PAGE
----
'Preferred Bidder' for Northern Rock is Branson-Fronted Group

26 November 2007

LONDON: The seventeenth century adage 'Who won't be ruled by the rudder must be ruled by the rock' has never been more true than today when it emerged that a consortium 'led' by Sir Richard Branson's Virgin Group is now 'preferred bidder' for moribund UK mortgage bank Northern Rock.

While the rudder of rationality suggests short-term nationalisation as the only route likely to benefit both savers and the British government - which has allegedly poured up to £40 billion of taxpayer's money into the sagging business - the rock of the easy option appears set to win the day.

According to the Wall Street Journal, that option will be formally announced today, Monday.

However, the serious money will come not from Virgin but from US investors such as AIG Financial Products and corporate-restructuring specialist W L Ross & Company.

The consortium would take control of the bank via a purported 'rights issue', with shares gifted to the alliance at a fraction of the price at which they have traded over the past several days.

The Branson-fronted Wall Street brigade would gain control of more than 50% of the bank while existing shareholders watch the value of their holdings diminish to somewhere near zilch.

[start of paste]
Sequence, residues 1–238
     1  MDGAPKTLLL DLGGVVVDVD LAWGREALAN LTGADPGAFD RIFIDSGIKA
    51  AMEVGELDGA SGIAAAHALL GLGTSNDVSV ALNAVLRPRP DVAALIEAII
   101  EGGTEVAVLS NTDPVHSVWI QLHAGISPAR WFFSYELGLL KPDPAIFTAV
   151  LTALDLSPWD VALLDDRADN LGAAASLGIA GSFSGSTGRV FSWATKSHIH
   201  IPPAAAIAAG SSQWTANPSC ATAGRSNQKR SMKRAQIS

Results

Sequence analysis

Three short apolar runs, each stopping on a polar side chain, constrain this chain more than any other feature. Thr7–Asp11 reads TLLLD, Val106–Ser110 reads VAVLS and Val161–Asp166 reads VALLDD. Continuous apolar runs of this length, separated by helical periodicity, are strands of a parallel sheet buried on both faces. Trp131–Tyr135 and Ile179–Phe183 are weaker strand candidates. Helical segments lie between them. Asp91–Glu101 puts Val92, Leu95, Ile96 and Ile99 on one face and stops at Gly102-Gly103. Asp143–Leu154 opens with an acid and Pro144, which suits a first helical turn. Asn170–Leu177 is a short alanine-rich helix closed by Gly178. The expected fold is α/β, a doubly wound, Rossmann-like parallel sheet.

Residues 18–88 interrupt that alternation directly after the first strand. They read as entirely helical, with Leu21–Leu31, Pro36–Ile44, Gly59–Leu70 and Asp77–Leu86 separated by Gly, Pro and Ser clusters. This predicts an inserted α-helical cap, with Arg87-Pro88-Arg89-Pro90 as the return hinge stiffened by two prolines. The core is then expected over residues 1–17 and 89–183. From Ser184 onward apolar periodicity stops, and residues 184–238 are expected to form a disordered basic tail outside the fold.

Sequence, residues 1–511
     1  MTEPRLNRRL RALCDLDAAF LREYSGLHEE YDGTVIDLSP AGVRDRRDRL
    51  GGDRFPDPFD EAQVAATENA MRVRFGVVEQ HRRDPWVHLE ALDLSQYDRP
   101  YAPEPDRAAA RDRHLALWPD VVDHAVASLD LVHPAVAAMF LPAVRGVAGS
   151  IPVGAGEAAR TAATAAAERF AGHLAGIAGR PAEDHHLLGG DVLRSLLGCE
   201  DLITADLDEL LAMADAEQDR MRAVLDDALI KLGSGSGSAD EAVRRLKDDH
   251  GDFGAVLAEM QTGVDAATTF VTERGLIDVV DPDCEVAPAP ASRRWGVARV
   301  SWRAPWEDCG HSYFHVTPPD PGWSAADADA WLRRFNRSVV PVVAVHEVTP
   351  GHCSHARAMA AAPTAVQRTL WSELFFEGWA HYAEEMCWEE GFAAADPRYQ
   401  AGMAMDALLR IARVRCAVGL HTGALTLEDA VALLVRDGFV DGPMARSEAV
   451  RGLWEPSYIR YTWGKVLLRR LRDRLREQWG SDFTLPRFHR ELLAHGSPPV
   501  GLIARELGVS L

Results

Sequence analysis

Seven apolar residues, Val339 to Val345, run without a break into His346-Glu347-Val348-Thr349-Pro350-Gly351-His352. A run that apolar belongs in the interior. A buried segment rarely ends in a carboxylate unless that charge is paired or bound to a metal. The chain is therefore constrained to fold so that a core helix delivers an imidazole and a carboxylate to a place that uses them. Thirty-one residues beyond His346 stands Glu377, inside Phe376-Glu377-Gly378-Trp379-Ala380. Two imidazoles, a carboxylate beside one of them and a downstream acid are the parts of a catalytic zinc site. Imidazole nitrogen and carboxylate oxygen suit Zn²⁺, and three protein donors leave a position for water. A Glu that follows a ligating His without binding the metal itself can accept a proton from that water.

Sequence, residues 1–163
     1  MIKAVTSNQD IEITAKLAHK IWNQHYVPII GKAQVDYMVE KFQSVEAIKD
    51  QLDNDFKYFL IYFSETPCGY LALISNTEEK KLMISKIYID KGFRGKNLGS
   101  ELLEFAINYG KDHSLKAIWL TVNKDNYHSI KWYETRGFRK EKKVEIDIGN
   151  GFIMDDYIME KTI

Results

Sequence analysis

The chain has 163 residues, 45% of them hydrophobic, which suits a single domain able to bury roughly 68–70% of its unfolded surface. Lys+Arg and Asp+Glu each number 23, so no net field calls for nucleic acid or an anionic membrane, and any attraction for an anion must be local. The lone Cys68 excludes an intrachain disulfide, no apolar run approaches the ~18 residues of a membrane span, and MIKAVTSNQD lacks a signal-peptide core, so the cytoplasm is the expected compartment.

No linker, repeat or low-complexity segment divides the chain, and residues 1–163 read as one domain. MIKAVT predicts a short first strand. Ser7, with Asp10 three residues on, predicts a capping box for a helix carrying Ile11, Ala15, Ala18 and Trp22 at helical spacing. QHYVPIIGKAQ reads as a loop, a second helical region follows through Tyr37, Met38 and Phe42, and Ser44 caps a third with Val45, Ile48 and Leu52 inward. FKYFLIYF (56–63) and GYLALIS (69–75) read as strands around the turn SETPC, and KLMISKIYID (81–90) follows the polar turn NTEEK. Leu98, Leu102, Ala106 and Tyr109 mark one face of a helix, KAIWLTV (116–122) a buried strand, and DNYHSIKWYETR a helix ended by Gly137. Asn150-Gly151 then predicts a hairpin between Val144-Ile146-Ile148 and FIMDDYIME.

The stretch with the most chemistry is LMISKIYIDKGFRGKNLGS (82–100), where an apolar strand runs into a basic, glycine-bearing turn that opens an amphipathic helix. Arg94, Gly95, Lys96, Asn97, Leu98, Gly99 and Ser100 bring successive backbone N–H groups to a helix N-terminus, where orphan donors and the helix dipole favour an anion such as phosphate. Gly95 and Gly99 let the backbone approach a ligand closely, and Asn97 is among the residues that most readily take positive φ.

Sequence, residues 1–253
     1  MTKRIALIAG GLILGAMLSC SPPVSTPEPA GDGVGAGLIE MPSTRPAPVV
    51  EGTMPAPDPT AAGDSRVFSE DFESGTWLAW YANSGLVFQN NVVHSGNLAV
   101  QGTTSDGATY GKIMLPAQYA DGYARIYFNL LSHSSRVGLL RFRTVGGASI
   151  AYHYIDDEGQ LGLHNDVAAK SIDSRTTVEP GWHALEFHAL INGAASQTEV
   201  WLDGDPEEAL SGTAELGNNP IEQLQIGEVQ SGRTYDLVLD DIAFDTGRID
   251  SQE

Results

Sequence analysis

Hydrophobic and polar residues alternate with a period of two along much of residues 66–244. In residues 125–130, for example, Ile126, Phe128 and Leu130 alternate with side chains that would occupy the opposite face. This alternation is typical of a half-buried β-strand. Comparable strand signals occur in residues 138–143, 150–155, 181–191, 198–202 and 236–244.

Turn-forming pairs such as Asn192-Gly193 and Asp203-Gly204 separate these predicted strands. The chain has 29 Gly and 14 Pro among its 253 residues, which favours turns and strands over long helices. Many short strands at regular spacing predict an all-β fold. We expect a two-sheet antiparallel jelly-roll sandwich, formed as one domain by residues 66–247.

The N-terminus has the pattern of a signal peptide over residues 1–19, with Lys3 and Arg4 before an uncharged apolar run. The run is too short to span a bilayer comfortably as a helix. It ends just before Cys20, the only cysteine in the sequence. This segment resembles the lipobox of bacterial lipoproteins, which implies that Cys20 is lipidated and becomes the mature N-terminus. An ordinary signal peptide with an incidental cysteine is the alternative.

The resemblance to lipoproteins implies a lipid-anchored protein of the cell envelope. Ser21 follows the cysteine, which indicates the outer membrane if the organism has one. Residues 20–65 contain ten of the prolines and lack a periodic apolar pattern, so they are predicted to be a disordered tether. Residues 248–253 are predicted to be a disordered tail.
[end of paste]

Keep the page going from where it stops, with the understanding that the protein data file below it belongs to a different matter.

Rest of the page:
In return for this manna from heaven, on inking the deal the moneymen will repay "some" of the £23 billion-plus ($47.29bn; €312.90bn) already borrowed by the Rock, both from the Bank of England and from elsewhere on the strength of government-underwritten guarantees.

Exactly how much will be repaid initially remains, at the moment, conveniently fuzzy, but insiders say the residual debt will be repaid over about three years - subject always to crossed-fingers behind backs.

Branson wants to rename the bank Virgin Money, after a small financial company in his joint ventures stable. The resultant publicity for this otherwise insignificant firm is, some observers believe, the main motivation for Sir Richard's involvement.

Northern Rock shares have lost more than 90% of their value this year.

Data sourced from Wall Street Journal Online. additional content by WARC staff